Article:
Emergency alert test going out to phones nationwide Wednesday

Photo courtesy of FEMA

At 1:18 p.m. Wednesday, everyone in the United States with a cell phone will get a text from the federal government. 

For the first time ever, the Federal Emergency Management System is conducting a nationwide test of a new emergency system, Wireless Emergency Alerts. It is being referred to as the “Presidential Alert” and will only be used in cases of a national emergency. 

When President Donald Trump presses send on this message, every active cell phone in the country will receive an alert—approximately 225 million smart phones reaching 75 percent of the U.S. population. 

The message will read, “THIS IS A TEST of the national wireless emergency alert system. No action is needed."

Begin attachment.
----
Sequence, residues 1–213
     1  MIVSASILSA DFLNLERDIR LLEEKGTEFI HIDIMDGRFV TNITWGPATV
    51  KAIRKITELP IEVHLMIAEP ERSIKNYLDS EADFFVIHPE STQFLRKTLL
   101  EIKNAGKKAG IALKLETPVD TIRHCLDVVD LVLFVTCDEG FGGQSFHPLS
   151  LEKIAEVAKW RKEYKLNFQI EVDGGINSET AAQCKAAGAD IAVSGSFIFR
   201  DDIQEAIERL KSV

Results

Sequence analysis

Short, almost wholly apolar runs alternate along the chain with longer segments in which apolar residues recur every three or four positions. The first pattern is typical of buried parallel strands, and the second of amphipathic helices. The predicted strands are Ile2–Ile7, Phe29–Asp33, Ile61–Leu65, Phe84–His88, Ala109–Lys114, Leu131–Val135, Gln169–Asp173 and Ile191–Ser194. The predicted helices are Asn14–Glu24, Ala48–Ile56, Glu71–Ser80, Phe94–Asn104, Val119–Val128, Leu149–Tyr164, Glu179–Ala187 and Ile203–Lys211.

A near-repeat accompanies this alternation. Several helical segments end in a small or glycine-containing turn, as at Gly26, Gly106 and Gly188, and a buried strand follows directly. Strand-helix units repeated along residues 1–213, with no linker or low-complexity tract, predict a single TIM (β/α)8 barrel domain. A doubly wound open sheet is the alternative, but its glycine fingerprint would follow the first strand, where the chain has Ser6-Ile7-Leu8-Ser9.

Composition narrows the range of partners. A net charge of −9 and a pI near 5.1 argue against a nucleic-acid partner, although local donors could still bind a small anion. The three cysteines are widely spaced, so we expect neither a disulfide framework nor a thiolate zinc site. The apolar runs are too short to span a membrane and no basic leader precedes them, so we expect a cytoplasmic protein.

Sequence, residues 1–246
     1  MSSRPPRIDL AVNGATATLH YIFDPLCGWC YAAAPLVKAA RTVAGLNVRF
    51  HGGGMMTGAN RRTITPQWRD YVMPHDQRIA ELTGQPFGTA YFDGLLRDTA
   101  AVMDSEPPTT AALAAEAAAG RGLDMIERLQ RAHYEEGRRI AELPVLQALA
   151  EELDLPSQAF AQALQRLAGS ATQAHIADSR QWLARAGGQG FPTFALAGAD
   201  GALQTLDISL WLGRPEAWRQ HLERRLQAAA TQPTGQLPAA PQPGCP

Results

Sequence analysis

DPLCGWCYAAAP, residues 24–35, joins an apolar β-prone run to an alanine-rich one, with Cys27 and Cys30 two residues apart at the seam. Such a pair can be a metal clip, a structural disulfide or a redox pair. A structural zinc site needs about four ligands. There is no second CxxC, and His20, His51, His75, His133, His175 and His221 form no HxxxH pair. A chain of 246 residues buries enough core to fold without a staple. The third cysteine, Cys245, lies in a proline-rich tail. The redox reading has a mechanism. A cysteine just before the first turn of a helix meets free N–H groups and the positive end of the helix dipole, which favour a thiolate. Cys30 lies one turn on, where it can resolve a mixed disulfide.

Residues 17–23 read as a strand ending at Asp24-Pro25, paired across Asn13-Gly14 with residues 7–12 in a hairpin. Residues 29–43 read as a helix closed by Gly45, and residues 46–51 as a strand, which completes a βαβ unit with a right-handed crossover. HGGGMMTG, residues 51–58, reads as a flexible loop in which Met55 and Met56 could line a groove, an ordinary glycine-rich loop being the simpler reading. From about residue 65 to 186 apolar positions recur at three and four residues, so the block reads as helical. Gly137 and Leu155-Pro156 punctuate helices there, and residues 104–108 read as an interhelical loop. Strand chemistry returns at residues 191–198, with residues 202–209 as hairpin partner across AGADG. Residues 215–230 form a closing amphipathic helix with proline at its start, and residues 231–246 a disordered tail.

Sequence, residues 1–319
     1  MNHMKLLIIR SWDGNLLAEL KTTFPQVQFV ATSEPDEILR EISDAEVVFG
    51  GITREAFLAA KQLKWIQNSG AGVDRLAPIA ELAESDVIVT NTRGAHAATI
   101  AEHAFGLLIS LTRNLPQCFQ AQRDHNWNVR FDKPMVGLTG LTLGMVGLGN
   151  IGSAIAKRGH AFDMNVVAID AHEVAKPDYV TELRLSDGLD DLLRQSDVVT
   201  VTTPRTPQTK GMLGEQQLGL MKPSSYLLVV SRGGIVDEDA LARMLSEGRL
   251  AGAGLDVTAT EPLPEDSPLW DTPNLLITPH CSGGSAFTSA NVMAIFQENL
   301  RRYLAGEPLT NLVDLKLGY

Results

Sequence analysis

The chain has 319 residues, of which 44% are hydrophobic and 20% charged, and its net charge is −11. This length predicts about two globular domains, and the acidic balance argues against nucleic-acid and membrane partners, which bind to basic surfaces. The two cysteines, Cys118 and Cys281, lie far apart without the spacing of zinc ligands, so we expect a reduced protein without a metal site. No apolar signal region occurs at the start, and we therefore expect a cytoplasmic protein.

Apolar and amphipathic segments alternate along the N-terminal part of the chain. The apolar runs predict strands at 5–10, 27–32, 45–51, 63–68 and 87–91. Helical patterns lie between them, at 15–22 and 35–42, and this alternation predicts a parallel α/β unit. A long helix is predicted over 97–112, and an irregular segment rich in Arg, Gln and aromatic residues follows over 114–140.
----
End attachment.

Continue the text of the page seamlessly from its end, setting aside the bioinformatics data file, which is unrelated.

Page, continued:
FEMA says it will sound like an AMBER Alert or weather-related warning with a subject saying "Presidential Alert.” 

Wednesday will be the first nationwide test of Wireless Emergency Alerts. FEMA and the Federal Communications Commission are conducting the tests. 

The nationwide cell phone test will take place at 1:18 p.m. CT. Two minutes after the cell phone test, another alert to test the Emergency Alert System will be broadcast on radio and television. 

In the future, the “Presidential Alerts” will be used to warn the public about dangerous weather, missing children and other critical situations. 

Unlike some of the alerts you might receive on your cell phone, you cannot opt out of these ones.


Your cell phone will sound and vibrate once during the 30-minute test window between 1:18 p.m. and 1:48 p.m. in Minnesota. 

If your cell phone is switched on, your phone will sound loudly and vibrate and you will receive a one-time message that says “THIS IS A TEST of the National Wireless Emergency Alert System. No action is needed.” 

If you cell phone is switched off or in airplane mode, it will receive the message as soon as you turn it on, as long as it’s within the 30-minute test window.